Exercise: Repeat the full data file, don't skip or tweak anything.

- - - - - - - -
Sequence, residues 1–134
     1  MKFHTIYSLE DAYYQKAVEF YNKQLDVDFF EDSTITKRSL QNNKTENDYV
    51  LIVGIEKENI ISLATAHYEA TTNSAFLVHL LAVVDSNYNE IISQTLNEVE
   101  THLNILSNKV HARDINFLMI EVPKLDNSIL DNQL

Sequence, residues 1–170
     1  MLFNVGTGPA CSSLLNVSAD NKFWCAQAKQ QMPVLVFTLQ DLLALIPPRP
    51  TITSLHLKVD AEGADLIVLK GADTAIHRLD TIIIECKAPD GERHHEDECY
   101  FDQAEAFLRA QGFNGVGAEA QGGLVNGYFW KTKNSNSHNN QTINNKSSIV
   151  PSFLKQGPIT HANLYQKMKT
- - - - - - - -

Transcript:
Sequence, residues 1–134
     1  MKFHTIYSLE DAYYQKAVEF YNKQLDVDFF EDSTITKRSL QNNKTENDYV
    51  LIVGIEKENI ISLATAHYEA TTNSAFLVHL LAVVDSNYNE IISQTLNEVE
   101  THLNILSNKV HARDINFLMI EVPKLDNSIL DNQL

Sequence, residues 1–170
     1  MLFNVGTGPA CSSLLNVSAD NKFWCAQAKQ QMPVLVFTLQ DLLALIPPRP
    51  TITSLHLKVD AEGADLIVLK GADTAIHRLD TIIIECKAPD GERHHEDECY
   101  FDQAEAFLRA QGFNGVGAEA QGGLVNGYFW KTKNSNSHNN QTINNKSSIV
   151  PSFLKQGPIT HANLYQKMKT